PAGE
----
In 1909, the maverick American retailer Harry Gordon Selfridge opened the West End of London's first dedicated department store to a blaze of glorious publicity - the culmination of the largest advertising campaign ever mounted in the British press.
No one understood the sex appeal of shopping better than Selfridge, and his fervent belief in consumerism as both sensual and theatrical entertainment ensured the success of his eponymous Oxford Street store.
But the 'showman of shopping' would eventually be undone by an insatiable addiction to gambling, extravagant mansions and even more extravagant mistresses. Thirty years after building his revolutionary store, Selfridge was ousted in a boardroom coup. The self-made millionaire died virtually penniless in 1947.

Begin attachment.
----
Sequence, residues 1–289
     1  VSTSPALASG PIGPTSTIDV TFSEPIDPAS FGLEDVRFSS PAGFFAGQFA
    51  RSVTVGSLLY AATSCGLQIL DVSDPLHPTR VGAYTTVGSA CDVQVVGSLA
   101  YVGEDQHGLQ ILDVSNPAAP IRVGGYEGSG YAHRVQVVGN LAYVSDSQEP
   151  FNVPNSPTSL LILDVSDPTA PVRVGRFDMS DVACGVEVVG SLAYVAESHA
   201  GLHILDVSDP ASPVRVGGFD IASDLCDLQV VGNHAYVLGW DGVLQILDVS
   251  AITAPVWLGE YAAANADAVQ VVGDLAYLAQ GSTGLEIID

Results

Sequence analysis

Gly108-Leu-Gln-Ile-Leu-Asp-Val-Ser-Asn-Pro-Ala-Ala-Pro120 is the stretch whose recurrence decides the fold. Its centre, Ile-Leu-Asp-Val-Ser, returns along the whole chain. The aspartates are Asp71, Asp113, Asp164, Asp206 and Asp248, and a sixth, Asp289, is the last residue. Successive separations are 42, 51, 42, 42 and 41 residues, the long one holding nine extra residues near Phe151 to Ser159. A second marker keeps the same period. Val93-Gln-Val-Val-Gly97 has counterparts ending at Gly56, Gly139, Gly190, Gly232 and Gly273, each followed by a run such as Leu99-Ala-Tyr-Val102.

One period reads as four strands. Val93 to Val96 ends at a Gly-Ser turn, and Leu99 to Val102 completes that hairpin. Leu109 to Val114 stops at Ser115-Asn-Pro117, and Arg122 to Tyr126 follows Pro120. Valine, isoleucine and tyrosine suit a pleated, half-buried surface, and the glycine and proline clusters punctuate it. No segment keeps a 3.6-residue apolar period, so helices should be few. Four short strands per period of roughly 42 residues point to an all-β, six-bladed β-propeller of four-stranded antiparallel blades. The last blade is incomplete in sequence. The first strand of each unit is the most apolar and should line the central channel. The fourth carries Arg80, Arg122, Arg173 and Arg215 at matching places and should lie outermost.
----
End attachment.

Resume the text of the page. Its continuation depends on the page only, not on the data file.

Set against the heady growth of twentieth century consumerism, Lindy Woodhead explores the rise and fall of the retail prince whose fusion of shopping and seduction has left a lasting legacy, symbolised by the towering Ionic columns of Selfridges.